The 46th president of the United States and the first Black and Indian woman vice president were sworn into office Wednesday. After an unprecedented election the Democrats now control the House, Senate and Executive Office. However, the 78 days between Election Day and the inauguration were a battleground for vote certification, followed by insurrection, after cities like Detroit, with majority Black populations, voted for Biden amid a global pandemic.
Republican challengers and activists traveled to Detroit on Nov. 4 chanting “stop the vote” at the TCF Center as early precinct counts showed Biden in the lead. The mob was stopped at the door by a woman, Sommer Woods, though they continued to bang on the windows and yell outside the doors in an effort to stop an accurate count. Woods was hired to assist Daniel Baxter, a consultant to the city’s Department of Elections and longtime elections expert in the city.
In the days that followed, Detroiters and the city’s elections office were put under a microscope of scrutiny. White Republicans nationwide made unscrupulous and unsubstantiated claims of fraud, alleging Black poll workers in Detroit and the city’s Black elections administration had helped Biden cheat his way to victory.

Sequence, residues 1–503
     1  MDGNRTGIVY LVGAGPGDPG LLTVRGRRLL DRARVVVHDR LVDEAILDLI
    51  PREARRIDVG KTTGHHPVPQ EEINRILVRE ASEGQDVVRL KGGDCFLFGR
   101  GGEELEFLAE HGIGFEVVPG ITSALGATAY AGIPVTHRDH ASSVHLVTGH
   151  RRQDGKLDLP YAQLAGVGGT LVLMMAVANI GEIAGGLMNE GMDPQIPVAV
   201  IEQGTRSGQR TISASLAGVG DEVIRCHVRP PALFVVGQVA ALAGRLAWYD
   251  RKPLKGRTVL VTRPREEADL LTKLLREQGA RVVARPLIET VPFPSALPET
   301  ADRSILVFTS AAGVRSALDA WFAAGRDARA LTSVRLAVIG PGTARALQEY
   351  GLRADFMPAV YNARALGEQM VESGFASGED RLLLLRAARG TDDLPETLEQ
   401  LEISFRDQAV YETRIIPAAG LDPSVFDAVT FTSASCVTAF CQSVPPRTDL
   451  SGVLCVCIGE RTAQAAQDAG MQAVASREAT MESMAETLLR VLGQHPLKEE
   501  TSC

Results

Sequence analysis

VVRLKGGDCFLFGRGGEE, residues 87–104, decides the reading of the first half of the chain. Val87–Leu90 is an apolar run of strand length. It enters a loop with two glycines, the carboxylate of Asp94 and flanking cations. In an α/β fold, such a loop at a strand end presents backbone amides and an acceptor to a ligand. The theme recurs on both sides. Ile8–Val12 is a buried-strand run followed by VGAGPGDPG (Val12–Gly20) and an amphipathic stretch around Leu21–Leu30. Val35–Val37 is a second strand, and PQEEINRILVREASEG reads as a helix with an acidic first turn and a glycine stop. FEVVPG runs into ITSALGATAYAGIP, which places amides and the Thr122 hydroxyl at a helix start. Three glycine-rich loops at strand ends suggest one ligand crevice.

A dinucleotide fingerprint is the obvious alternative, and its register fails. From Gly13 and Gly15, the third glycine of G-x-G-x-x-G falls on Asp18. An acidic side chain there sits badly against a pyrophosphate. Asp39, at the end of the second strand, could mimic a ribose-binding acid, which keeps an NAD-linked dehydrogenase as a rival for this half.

However, City Clerk Janice Winfrey and Baxter maintain that the more than 250,000 Detroit votes were accurate. Throughout November and December lawsuits with false claims were filed in an attempt to suppress the Detroit vote and keep Michigan’s votes from being certified.
As the world welcomed the new administration, BridgeDetroit sat down with Winfrey and Baxter to understand how Detroiters voted and how ballots were counted.
Winfrey, the headstrong clerk who says her commitment to civil service prepared her for this moment, secured Detroiters access to voting by implementing mail-in voting in the state’s largest municipality and recruiting, training 10,000 election workers. She hired Baxter after the August primary, who has worked with the Department of Elections since 1985. His extensive knowledge on election law and process guaranteed an accurate count and ensured Detroit voters were heard and protected. According to Baxter, who witnessed a record Detroit turnout during Obama’s 2008 campaign and had the foresight to plan logistics for 2020, Detroiters are still living the words preached and taught by Dr. Martin Luther King, Malcolm X, Frederick Douglass and Sojourner Truth, for the right to vote in America.